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A dentist’s role in oral cancer treatment

Photo: US Army Africa, CC, https://flic.kr/p/9Ghxuk

Open wide!

Each trip to the dentist helps spot and treat cavities, clean teeth, provide preventative treatments like sealants, and seek out signs of gum disease. But many don’t realize it is a cancer screening, too.

“A routine dental exam is vital for maintaining good oral health, and it’s also the best method for detecting oral cancer in its early stages,” says Mark Roettger, D.D.S., Clinic Director of the University of Minnesota Dental Clinic. “Dentists have the primary role in oral cancer detection because we work most closely with the mouth, and inspect it most thoroughly.”

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news-and-notes

Minnesota invests in regenerative medicine

Last year, the 2014 Minnesota legislative session brought a big win for regenerative medicine, as legislators passed a bill allotting nearly $50 million over 10 years for regenerative medicine research, clinical translation and commercialization efforts.

Some of that research funding has now been awarded to Bruce Walcheck, Ph.D., professor in the University of Minnesota Department of Veterinary and Biomedical Sciences, whose proposal was one of six funded out of 90 applications. Bruce is the principal investigator on a new $500,000 grant for research on engineering human pluripotent stem cells to generate enhanced natural killer cells for cancer therapy. The ultimate goal: treating cancer using the patient’s immune system.

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news-and-notes

Rat poisoning’s secondary effects can harm Minnesota owls

Great horned owl photo by Amber Burnette

Winter can invite household nuisances like mice and rats inside along with unwelcome gnawing habits, putrid droppings and disease. But as you look to eradicate vermin from your house this winter, The Raptor Center at the University of Minnesota invites you to take a moment and pause.

Your choice between rat poison and an old-school snap trap could impact human, pet and wildlife health.

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news-and-notes

Advanced practice nurses gain new rights in Minnesota

Mary Chesney, Ph.D., R.N., director of the University of Minnesota Doctor of Nursing Practice Program displays her new license.

This month in Minnesota, advanced practice nurses gained new authority to practice. State requirements mandating a collaborative practice agreement between a physician and an advanced practice nurse are no longer required for nurses who meet the state’s new licensing and certification standards. The changes could benefit both metro-area and rural Minnesota communities by increasing access to the expertise of advanced practice nurses and opportunities to visit nurse-led primary care clinics.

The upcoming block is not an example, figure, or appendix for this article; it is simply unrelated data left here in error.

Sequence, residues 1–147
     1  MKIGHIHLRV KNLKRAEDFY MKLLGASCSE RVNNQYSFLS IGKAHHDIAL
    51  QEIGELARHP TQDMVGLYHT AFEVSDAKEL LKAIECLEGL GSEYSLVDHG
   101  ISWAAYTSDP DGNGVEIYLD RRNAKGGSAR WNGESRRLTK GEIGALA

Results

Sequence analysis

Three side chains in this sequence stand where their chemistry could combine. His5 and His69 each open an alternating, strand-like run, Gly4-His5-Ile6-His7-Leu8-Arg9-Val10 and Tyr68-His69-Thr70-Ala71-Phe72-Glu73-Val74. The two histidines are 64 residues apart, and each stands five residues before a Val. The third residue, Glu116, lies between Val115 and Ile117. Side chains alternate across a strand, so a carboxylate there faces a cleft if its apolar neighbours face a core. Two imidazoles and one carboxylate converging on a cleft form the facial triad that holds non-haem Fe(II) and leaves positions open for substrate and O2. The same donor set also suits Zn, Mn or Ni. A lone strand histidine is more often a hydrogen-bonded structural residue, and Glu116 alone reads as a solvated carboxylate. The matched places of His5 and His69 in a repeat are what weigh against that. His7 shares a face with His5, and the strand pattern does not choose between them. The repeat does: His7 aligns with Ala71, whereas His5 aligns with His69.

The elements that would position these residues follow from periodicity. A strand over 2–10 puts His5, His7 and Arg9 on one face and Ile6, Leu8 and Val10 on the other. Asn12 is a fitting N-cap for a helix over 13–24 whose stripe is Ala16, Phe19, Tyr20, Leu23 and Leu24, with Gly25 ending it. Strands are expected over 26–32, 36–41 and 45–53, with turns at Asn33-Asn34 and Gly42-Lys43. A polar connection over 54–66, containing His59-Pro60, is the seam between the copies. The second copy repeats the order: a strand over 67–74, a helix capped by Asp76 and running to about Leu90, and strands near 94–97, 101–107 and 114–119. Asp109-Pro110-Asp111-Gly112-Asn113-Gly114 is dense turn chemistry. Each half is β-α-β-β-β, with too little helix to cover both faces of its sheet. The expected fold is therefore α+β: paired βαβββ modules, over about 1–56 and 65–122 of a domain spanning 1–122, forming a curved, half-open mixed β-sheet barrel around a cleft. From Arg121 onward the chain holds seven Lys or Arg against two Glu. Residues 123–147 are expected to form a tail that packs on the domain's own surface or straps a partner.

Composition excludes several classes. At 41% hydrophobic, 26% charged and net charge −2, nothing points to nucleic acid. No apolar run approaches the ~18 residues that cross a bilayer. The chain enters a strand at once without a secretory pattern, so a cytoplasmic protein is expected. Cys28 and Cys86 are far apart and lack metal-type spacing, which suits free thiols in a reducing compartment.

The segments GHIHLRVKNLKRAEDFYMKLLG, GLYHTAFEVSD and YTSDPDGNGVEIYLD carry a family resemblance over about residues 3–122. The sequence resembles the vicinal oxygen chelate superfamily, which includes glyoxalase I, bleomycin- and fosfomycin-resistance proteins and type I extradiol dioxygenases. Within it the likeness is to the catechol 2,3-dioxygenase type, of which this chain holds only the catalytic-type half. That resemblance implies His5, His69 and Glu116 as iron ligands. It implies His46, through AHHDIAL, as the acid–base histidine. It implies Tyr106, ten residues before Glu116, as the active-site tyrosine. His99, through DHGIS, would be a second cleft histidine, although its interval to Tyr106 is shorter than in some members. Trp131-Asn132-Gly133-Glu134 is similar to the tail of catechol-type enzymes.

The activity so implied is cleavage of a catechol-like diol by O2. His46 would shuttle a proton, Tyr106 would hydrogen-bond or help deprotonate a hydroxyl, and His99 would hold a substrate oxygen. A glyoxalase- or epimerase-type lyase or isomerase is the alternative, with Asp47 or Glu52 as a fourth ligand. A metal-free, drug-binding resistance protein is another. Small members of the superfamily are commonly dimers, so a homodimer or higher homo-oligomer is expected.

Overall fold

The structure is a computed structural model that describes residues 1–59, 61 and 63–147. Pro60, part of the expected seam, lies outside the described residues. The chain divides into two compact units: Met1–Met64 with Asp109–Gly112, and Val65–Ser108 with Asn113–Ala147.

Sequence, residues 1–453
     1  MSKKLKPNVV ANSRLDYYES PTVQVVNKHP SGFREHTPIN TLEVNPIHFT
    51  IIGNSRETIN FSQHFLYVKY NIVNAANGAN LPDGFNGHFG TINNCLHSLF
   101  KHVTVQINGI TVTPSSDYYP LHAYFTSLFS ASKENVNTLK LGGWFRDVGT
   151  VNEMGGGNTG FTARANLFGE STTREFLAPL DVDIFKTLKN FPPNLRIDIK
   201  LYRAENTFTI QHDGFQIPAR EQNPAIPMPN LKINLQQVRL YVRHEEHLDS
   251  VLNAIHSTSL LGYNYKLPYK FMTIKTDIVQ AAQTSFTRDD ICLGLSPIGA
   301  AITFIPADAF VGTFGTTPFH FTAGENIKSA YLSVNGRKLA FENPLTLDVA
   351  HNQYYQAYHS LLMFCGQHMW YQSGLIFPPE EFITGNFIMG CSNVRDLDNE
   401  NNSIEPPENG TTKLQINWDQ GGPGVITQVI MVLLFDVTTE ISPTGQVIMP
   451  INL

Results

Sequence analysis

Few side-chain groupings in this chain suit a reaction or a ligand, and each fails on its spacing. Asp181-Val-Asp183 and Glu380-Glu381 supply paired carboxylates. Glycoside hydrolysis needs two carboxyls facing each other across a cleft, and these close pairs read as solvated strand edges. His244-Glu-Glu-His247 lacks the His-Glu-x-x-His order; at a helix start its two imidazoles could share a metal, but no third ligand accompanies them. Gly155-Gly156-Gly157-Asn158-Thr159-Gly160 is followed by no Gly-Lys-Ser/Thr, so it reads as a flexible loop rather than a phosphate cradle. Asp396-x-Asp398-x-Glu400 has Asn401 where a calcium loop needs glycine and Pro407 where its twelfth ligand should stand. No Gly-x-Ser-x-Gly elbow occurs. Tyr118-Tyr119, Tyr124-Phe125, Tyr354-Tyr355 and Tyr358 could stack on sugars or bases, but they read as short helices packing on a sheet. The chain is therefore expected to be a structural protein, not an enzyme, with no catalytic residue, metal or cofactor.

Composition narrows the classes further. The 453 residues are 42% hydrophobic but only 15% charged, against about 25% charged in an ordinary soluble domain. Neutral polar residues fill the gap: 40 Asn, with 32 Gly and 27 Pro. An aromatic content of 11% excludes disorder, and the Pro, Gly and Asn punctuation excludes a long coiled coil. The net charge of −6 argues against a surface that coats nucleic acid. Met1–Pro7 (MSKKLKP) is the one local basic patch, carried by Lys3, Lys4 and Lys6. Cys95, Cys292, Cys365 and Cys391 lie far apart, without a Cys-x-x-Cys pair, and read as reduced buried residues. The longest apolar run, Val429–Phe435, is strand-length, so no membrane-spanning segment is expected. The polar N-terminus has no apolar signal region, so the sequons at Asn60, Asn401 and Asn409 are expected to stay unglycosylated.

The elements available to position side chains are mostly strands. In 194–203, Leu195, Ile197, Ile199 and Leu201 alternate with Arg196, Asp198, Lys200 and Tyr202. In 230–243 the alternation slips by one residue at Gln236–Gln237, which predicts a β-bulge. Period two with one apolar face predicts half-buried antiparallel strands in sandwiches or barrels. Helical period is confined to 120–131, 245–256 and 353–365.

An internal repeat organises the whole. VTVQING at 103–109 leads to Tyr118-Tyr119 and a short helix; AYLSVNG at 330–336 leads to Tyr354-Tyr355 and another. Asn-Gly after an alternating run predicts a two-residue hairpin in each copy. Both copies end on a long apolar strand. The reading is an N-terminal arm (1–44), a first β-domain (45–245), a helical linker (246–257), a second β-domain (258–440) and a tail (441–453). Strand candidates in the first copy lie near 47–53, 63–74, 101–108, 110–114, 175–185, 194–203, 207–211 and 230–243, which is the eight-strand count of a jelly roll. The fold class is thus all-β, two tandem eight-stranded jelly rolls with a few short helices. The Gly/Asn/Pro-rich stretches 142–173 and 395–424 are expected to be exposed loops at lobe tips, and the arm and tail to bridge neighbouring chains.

The changes come as primary care access across Minnesota enters a critical stage, with a shortage of as many as 850 primary care physicians expected within the next ten years, according to the Minnesota Hospital Association.

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news-and-notes

Legislative advisory committee pushes more support for incarcerated pregnant women

CC, Photo: https://flic.kr/p/nQHak2

It is estimated that four percent of incarcerated women are pregnant when they enter custody. Most of the corrections facilities in Minnesota are not equipped to house pregnant women, and given their high likelihood of medical and social risk factors, many incarcerated pregnant women may be at high risk for poor health outcomes.

After passing a bill to address this disparity last spring, an advisory committee created by the legislature recommends lawmakers consider providing additional support to incarcerated pregnant and postpartum women. The initial bill established regulations on the use of restraints and mandated pregnancy tests for inmates, among other policy changes. It was a major improvement in standard of care, but more can be done, said committee lead Rebecca Shlafer, Ph.D., assistant professor at the University of Minnesota Medical School.

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news-and-notes

CDC declares flu an epidemic

Photo: CC, https://flic.kr/p/b34LM

The U.S. is experiencing epidemic-level flu activity, the CDC announced yesterday.

The proportion of deaths related to pneumonia and influenza reached 6.8 percent as of December 20, 2014, which is considered the epidemic threshold. This demonstrates how easily the flu spreads, however an epidemic classification is typical with most flu seasons, the Washington Post reported.

“The CDC announcement confirms that we are entering a period of increased influenza transmission,” said Nick Kelley, PhD, research associate for the Center for Infectious Disease Research and Policy at the University of Minnesota. “We expect to see higher levels of influenza during this time of year, with peak transmission typically occurring in January.”

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